On Cori Jackson & The Power of Our Voices

I think the potential of this forum was demonstrated earlier this evening. Within hours of posting the story about Cori Jackson, the email accounts of Caleb and I were being flooded with responses both on the page and on tips of other stories regarding Dean Irene Stevens.

As part of this flood we received a message from CJ himself requesting that we remove the entry. After speaking with his attorney, CJ was advised to have the post removed until he meets with the judge again. We have agreed to remove it, for the time being, as we would not want to impede any progress in his case. The post has not been deleted, but will not appear in a published form for the time being. I have also made an effort to ensure that all comments made on the entry while it was up were saved and will reappear when and if we re-post. We are working closely with CJ and hope to have the post back up soon. I understand with the rise and fall of blogs at Butler that many are sensitive to saving information, I myself was able to save the True BU entries in various forms. I request that anyone who still has this post available please refrain re-publication. I reiterate, this is by request of CJ and his attorney and we do not want to impede his case.

The Underground has been slowly exposing the many realities of student, faculty and administrative life at Butler, none more disturbing than the recent events surround Mr. Jackson. As such we have been treading some delicate borders and negotiating legal and ethical realities which are unprecedented in this type of forum. Occasionally this leads to some hard choices, ones that we do not take lightly.We will always act in the best interest of the community by insuring the integrity of The Underground, protecting those whose stories are being shared and not shying away from controversy.

Again, CJ's story has not and will not fall to the background. It remains underground and though we exposed it only briefly, the response was immense. We expect to have something to present within the next day or two and will keep everyone updated.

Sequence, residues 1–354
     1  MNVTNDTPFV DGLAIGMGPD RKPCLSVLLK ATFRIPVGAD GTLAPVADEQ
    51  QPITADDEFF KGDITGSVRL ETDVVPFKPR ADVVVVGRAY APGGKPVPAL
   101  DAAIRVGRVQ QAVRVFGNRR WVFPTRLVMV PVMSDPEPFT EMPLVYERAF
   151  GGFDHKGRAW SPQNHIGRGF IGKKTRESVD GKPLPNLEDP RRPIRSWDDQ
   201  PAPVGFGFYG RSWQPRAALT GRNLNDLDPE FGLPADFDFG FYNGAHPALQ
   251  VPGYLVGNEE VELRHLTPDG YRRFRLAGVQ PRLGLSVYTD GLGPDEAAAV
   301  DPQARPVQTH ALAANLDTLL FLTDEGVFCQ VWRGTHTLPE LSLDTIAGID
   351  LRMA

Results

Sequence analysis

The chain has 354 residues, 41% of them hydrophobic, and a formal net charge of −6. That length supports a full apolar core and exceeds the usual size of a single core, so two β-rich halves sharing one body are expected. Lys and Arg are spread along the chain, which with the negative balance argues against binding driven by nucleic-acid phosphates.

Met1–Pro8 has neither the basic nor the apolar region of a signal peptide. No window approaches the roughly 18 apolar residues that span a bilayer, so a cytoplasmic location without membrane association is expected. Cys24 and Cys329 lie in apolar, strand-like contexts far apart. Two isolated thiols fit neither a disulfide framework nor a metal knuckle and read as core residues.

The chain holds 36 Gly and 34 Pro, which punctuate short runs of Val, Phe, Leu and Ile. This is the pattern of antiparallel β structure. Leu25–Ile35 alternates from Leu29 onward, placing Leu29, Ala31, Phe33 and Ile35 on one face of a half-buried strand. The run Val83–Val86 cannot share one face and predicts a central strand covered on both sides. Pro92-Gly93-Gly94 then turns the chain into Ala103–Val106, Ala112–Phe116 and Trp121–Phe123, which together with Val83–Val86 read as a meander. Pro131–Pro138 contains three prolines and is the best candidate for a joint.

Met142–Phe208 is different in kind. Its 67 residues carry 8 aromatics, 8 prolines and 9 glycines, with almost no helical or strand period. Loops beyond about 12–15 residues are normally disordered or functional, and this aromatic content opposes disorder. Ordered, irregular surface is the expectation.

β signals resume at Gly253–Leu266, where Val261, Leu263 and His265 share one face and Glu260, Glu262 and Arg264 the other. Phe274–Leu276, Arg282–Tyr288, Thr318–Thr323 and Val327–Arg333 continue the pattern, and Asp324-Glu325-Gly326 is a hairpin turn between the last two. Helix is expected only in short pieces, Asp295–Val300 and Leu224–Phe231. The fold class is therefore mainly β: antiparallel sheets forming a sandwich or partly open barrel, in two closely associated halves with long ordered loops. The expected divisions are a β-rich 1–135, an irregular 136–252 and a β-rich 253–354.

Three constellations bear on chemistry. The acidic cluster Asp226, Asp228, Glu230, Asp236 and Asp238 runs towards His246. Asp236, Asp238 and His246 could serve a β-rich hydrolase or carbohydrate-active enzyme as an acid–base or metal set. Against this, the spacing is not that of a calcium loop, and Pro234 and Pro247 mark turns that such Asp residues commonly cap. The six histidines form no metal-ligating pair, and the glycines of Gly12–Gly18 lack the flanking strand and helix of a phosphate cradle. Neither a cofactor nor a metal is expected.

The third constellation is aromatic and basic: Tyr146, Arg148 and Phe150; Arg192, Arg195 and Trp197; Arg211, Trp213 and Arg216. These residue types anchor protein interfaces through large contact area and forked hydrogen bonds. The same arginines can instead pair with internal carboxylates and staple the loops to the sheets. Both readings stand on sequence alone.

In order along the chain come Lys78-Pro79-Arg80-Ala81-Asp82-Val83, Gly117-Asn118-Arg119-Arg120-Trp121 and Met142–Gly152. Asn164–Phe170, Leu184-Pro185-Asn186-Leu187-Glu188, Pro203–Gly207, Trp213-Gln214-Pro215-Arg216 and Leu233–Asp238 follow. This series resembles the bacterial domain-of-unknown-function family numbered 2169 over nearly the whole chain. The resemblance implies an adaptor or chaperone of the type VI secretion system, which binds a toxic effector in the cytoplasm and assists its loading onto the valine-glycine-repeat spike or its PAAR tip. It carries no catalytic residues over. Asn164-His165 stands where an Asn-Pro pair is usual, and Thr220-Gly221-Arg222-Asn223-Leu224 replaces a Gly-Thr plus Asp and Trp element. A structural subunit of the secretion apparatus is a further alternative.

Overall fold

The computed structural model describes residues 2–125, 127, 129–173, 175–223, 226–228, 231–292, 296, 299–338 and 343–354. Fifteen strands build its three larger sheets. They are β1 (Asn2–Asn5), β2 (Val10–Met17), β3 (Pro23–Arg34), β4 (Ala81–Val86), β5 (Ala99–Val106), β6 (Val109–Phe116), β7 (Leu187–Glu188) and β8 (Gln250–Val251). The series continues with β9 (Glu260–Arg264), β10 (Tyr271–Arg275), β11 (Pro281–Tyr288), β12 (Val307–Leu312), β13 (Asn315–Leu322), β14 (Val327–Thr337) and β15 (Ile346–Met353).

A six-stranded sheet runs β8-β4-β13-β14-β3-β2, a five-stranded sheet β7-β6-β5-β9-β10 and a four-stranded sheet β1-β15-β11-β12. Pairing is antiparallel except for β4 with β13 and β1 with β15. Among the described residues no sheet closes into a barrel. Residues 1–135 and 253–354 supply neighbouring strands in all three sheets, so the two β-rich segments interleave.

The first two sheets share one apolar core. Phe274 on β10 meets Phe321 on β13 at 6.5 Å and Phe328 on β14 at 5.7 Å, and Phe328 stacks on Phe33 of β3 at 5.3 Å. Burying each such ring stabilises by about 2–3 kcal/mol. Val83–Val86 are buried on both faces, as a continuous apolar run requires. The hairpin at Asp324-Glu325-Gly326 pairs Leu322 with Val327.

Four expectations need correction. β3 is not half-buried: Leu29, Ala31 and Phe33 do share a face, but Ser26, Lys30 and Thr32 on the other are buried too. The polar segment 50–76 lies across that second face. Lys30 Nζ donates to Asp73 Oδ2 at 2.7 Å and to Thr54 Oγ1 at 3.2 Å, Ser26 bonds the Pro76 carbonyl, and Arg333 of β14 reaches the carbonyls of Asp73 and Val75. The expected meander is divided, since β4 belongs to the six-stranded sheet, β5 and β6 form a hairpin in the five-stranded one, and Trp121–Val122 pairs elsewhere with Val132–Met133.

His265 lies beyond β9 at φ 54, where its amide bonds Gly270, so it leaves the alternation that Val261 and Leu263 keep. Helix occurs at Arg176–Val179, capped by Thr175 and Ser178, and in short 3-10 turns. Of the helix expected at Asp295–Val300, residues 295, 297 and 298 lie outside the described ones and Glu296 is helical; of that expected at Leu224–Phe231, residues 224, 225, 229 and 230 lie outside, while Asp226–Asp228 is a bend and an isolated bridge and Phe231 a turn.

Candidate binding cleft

Thank you all for your concerned responses. We hope we have your understanding in the matter.



  1. Thanks for keeping us abreast of the situation. I'm interested in hearing the administration's side of the story, although I feel that, due to ongoing legal action, they will not say much.

  2. Unfortunately, I think our administration does not realize how important transparent, two-way communication actually is. In this day and age, where the internet is creating a groundswell for the everyman, having an open-door policy on controversial incidents is paramount to the interests of any party in the debate. For our administrators who most likely remember a time when "no comment" was an acceptable response, this change is hard to swallow. However, regardless of the part they play in all of this, they have failed to recognize the line in the sand they are drawing. For me (and I assume many in my generation feel similarly), the administration's closed-door policy causes me to question their credibility on this and other issues. Willingness to be forthcoming, even when the information might be embarrassing, will create a relationship of mutual respect and trust in the long run. Quashing the voice of the dissenters (or The Dissenters) in no longer an applicable tactic for public relations. Butler would be wise to, as Prof. Watts pointed out in the previous Butler Underground post, let "all winds of doctrine [were let] loose to play on the earth" (-Milton). Rather than hiding from it's students, Butler should use the facts in this case to validate their process. If they cannot do so, it is indeed embarrassing, but essential to creating good student relations given modern technologies and the tendency of young persons to scrutinize their authority.

  3. I just wanted to say I really appreciate the direction this blog seems to be going. I never saw what TrueBU had to say, but from what I can tell you have so far been incredibly responsible with the information you publish. It is very professional in tone and attempts to stick to the facts of what is really happening on campus.

    Thanks for doing this!

  4. I wish that someone who quotes Milton (even if quoting an English professor who quoted Milton) would take the time to get his or her "its" right. "It's" is short for "it is." Mallory meant to say, "Rather than hiding from its students..." Frustrating.

    Oh, and the blog owner needs to get the "Caleb and I" versus "Caleb and me" thing down.

    This is, after all, an institution of learning.